The Home Selling Experience

Real Estate Survival Guide: Seller’s Checklist

Refer to this handy list to get you through the selling process.

1. Gauge your need to sell.

  • What are your goals for the next few years?
  • What are the pros of selling your home? What are the cons?
  • Can you afford to sell?
  • What is the current housing market activity?

2. What will your selling expenses be?

  • Make a list of repairs you’ll have to do to get your home in selling condition and estimate the cost.
  • See what projects you can afford and adjust how much you expect to get for selling your home.
  • Expect to pay about 7 percent to 10 percent of the home’s sale price in closing costs, including real estate agent commissions, transfer taxes, recording fees, title insurance, and prorated property taxes.
  • And factor in these costs:
    • Capital gains tax
    • Mortgage payoff penalties
    • Staging and marketing expenses
    • Moving expenses
    • Cost of living in a new city or neighborhood
    • Costs related to getting a mortgage for a new home

3. Plan your selling strategy.

  • Determine how fast you need to sell your house and how much money you want to get from the sale.
  • List your home on the multiple listing services (MLS).
  • Plan your sale during the spring or fall peak home buying seasons.
  • If you hire a listing agent, be aware of the terms of your listing contract, such as commissions and termination date.

4. Determining your home’s current market value (CMV) and pricing.

  • Your real estate broker will research public records and collect information on  comparable homes in your area with similar square footage, construction, age and condition that sold within the past six to twelve months and are currently on the market.
  • Your broker will prepare a Comparative Market Analysis (CMA) report to set the price of your home.
  • Your broker will evaluate market trends, including whether it’s a buyer’s or seller’s market.
  • Consider pricing strategies such as pricing low to urge a bidding war.

5. Prepare and stage the home.

  • Have a yard sale. Sell, donate or trash everything you don’t need.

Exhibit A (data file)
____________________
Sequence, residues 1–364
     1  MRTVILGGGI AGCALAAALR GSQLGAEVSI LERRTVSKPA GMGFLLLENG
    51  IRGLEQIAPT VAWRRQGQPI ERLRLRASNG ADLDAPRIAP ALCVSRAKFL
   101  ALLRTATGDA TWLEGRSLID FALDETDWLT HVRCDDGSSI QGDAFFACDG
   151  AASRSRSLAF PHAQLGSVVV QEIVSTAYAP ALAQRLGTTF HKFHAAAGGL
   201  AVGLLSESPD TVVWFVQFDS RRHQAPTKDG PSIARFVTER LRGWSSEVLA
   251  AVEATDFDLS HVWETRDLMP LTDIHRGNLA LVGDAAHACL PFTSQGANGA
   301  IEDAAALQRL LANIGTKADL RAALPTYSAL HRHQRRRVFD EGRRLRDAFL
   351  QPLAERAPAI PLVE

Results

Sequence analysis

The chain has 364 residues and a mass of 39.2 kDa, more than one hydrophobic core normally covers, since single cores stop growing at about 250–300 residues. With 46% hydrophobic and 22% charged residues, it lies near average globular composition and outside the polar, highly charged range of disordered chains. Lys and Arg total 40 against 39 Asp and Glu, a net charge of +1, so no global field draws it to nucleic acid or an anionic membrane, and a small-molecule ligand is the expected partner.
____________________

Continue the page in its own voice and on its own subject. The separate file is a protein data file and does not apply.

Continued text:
• Make necessary repairs inside and out.
  • Get a seller’s pre-listing home inspection.
  • Make improvements to increase your curb appeal, i.e. the home’s external attractiveness when viewed from the street.
  • Hire a professional home stager or research staging tips.
  • Declutter, depersonalize and decorate every room and outdoor areas so buyers can imagine themselves living in the home.
  • Paint interior rooms neutral colors.
  • Replace outdated lighting fixtures and window treatments.

6. Setting up showings.

  • Keep the home in “show-ready condition” at all times.
  • Your broker will take appointments & possibly set up a lockbox so agents can show the home when you’re not available.

8. Review purchase offers.

  • For each offer, note the proposed offer price, preapproval letter, contingencies, earnest money amount, proposed closing date and offer expiration date.
  • Have a process in place if you expect to get multiple offers.
  • · Keep emotions in check if you receive a low offer.

9. Make counteroffers and negotiate.

  • Approach each offer as an opportunity to negotiate.
  • If the buyer’s offer is contingent on selling a home, counter with a Removal of Sale Contingency.
  • If you won’t budge on price, offer financial incentives that don’t require cash out of your pocket, such as paying for part or all of the buyer’s closing costs, repairs found during the property inspections or points.
  • Offer to include furniture, appliances, window treatments or lighting fixtures.
  • If you’re worried you won’t be able to buy a home after you sell, include a “rent back” clause which lets you rent back your home from the buyers after escrow closes.
  • Make a full-price counteroffer, if your comps can back it up.
  • Don’t forget to set a closing date and move-in date.
  • If you find a serious buyer who is having trouble qualifying for a mortgage, consider offering seller financing, a mortgage assumption or a lease-to-own deal.

10. Get through escrow.

  • Create a formal plan for handling home repairs, including when they should be made and who pays for them.
  • Clean and prepare the home for the appraisal and home inspections.
  • Choose an escrow officer who will order a title search, request payoff information for your mortgage and other liens on the home, prepare and record documents, hold and disburse funds and prepare closing statements.
  • Prepare for the final walk-through inspection.
  • Sign the closing documents and move out of your home.
  • Keep copies of your documents for reporting the sale on federal and state tax forms.

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